MARJAH, Afghanistan (Reuters) - It’s only been six days since NATO launched a major assault against the Taliban and some Afghans are already asking Marines when they can reopen their shops.
But it’s hard to say whether that’s a sign the Taliban had faded away, or just a false sense of security in Marjah, the heart of the last Taliban stronghold in Helmand, Afghanistan’s most violent province.
Bravo Company of the First Battalion, Sixth Marines, has not had it easy since they were ferried in by helicopter on Saturday to launch one of the biggest NATO missions designed to help stabilize Afghanistan.
They have come under repeated heavy gunfire and faced highly skilled Taliban snipers. The fear of being blown up by improvised explosive devices (IEDs) -- some of the biggest killers in the conflict in Afghanistan -- has also bogged them down.
One Marine was killed on the first day of the operation with a single bullet to his heart. Another survived a close call when a bullet struck his helmet.
“We’ve secured the area of Koru Chareh (village) and are now working to open the bazaar back up. Today we’ve had local nationals requesting to know when they can open their shops again,” said Marine Lieutenant Mark Greenlief.
NATO’s largest assault in Afghanistan since the start of the war is aimed at driving the Taliban from their stronghold to make way for Afghan authorities to take over.
NATO said in a statement that a number of enemy fighters remaining in Marjah were engaging in direct combat, although combined forces have taken key areas.
Much of the success of the operation depends on winning the trust of civilians, by not only avoiding civilian casualties but by also listening to their every complaint.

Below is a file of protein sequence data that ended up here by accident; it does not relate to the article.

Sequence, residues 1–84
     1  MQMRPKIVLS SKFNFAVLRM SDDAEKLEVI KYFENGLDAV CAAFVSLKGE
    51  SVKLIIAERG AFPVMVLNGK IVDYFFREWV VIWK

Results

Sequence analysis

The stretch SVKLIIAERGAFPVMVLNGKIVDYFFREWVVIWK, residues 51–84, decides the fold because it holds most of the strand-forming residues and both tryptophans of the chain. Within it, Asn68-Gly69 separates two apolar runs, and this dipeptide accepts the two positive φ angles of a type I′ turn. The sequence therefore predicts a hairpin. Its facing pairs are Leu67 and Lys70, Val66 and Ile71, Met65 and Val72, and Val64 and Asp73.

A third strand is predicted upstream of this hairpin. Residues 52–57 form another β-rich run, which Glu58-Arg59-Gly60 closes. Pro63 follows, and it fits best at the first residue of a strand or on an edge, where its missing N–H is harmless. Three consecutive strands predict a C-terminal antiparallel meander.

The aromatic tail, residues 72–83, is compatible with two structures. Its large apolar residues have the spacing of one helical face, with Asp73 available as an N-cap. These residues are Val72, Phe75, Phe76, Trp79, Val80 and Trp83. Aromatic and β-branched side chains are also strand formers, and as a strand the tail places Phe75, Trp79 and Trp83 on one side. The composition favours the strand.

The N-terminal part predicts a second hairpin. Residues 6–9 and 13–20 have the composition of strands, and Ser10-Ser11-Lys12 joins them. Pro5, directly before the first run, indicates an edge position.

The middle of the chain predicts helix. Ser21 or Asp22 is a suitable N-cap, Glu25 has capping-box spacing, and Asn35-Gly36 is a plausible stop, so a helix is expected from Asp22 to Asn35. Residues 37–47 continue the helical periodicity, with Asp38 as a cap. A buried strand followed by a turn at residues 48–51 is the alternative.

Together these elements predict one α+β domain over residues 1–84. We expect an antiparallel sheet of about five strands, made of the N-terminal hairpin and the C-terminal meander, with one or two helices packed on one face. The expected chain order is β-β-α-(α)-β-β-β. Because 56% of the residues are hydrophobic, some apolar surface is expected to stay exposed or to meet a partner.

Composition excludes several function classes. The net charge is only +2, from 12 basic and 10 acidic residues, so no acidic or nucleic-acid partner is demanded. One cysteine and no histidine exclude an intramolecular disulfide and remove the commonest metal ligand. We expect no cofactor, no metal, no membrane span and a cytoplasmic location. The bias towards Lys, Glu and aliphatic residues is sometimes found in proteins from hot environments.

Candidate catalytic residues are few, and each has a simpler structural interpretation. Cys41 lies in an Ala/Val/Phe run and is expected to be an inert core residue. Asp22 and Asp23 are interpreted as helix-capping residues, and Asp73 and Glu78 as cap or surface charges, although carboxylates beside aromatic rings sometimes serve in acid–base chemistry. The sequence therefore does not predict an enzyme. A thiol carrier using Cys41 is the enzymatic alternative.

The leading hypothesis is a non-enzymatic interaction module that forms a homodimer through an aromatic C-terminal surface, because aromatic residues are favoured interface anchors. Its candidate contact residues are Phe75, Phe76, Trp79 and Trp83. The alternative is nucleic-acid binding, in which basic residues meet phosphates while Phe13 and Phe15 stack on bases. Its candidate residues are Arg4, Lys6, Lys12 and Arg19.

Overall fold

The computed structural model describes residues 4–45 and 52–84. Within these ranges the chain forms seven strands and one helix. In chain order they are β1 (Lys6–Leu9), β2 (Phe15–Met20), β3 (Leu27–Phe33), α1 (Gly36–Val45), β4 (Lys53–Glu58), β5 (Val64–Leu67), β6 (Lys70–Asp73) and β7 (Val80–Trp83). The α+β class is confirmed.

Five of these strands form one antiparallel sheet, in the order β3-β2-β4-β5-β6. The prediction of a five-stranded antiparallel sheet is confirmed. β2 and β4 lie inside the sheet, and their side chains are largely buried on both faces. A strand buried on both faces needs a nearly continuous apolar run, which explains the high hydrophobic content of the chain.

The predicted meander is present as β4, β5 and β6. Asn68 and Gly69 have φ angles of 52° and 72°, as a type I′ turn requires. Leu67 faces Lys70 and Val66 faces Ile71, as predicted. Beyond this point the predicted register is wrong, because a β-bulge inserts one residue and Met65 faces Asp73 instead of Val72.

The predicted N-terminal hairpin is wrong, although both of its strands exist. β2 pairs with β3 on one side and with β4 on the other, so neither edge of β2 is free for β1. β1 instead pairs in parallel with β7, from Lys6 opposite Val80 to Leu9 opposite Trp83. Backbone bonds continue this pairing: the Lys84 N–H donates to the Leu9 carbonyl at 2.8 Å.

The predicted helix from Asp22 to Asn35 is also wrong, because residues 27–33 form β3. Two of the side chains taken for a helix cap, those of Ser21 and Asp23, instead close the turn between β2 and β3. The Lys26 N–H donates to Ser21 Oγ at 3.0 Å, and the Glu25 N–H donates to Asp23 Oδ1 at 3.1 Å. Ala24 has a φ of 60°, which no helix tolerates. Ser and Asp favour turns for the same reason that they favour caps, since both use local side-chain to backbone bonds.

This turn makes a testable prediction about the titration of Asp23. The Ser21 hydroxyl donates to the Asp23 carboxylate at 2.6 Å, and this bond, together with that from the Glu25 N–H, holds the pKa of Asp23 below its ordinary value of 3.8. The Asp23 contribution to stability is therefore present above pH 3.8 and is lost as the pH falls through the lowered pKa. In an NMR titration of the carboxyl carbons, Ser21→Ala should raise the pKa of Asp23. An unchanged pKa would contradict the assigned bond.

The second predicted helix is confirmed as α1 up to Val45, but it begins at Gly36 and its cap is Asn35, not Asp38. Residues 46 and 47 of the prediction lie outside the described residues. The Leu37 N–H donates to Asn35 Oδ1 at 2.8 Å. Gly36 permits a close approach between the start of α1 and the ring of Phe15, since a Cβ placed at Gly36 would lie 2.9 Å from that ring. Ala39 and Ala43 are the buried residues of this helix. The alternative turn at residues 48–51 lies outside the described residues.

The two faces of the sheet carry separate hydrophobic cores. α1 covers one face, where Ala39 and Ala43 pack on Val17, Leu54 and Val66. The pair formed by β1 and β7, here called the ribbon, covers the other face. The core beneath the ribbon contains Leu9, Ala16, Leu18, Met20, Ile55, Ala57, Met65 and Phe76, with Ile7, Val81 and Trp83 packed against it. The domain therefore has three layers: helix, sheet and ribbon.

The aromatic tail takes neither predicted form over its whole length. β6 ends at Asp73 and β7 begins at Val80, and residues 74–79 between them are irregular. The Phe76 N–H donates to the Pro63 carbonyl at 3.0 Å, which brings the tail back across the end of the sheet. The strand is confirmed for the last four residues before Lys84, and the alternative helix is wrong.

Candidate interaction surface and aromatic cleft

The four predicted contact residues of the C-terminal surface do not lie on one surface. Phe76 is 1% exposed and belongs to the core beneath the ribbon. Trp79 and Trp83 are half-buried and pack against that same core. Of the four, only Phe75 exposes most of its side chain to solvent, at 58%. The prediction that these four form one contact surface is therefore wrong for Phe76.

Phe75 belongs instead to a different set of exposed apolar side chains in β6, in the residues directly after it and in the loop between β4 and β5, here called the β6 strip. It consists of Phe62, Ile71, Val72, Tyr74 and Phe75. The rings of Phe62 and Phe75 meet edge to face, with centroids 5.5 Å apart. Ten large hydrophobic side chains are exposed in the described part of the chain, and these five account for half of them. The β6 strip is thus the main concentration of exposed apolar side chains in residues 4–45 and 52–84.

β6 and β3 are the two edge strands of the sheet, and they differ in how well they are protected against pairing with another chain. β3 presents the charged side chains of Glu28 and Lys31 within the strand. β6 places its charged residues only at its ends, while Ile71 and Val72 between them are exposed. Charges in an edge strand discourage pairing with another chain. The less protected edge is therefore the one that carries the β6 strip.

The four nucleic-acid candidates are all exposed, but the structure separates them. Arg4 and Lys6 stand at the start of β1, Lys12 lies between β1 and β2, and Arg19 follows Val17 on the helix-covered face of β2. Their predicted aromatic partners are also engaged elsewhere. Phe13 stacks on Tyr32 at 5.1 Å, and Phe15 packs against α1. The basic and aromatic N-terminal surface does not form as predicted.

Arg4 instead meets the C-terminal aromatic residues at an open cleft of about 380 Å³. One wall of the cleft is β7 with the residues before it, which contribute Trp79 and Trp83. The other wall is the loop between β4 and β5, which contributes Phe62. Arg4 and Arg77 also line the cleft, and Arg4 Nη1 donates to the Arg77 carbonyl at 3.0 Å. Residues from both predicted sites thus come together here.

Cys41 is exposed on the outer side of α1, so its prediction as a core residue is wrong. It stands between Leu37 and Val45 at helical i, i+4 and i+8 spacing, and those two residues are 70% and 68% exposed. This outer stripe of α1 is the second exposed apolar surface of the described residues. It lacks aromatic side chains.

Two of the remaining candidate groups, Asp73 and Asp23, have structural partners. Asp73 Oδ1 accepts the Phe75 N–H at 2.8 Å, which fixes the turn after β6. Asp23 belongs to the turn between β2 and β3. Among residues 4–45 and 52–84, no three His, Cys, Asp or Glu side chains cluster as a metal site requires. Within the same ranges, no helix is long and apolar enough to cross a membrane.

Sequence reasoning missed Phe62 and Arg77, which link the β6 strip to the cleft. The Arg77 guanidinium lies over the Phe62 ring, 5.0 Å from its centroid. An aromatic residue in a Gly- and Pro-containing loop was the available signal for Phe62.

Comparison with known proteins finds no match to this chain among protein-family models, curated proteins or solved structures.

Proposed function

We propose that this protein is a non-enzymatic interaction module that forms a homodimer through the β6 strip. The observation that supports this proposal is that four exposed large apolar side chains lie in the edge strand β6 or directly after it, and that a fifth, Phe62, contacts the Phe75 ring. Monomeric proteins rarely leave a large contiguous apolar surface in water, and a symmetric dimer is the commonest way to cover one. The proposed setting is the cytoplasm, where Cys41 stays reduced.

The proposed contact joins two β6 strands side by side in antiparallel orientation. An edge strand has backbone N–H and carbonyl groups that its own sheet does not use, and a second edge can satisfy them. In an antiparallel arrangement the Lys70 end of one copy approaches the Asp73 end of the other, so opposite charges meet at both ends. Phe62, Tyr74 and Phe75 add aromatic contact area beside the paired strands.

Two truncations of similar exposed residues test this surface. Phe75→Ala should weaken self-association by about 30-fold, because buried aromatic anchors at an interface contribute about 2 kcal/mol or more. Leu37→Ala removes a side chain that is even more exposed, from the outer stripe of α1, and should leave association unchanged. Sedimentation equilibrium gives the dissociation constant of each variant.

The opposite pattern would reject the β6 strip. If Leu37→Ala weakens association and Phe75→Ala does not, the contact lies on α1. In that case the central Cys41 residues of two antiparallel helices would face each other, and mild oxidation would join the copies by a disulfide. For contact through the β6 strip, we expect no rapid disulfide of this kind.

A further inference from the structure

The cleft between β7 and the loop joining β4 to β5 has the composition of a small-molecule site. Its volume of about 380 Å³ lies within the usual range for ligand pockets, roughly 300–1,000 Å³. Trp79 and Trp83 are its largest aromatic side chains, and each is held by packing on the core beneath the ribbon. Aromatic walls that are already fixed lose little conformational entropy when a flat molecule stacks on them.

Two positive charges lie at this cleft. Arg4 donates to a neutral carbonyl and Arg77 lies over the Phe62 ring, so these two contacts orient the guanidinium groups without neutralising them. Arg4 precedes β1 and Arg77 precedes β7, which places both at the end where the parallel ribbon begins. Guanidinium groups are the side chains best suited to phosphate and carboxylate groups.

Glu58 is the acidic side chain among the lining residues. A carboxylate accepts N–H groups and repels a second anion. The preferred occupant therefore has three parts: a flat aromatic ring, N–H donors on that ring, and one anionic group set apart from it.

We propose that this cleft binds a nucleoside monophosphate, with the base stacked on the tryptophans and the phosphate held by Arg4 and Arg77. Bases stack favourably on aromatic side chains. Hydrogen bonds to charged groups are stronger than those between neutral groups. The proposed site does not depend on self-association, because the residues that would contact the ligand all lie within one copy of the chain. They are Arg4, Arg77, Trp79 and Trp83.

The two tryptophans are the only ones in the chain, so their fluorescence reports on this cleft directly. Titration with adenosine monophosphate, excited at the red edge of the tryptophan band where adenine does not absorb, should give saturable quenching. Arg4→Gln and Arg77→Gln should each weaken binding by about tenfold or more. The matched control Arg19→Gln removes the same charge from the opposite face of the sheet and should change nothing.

Some have requested medical assistance. Those whose homes were damaged by bombs have been compensated, Marines say.
But the Taliban are not far away. And they have only one objective -- killing foreign forces to hold on to what Western countries say is a poppy cultivation center that funds their insurgency.
“We know the Taliban have pushed out of the village and are still operating around the area to our south, northeast and west,” said Greenlief.
“But our main focus still remains on the people, improving their way of life and assisting them with their problems.”
Marines are now comfortable enough to mount foot patrols. But the Taliban are unpredictable.
Marines have come across bullet casings from M-16 rifles -- a NATO weapon unlike the usual AK-47s the Taliban usually use -- suggesting the group has more sophisticated weaponry than previously thought.
“We still face a significant indirect fire and IED threat outside the pork chop,” said Greenlief, referring to the area around Karu Chareh, shaped like a pork chop.
“As our company continues to increase its security in one area we will work to secure the rest of our battlespace.”
Writing by Michael Georgy; Editing by Bryson Hull and Ron Popeski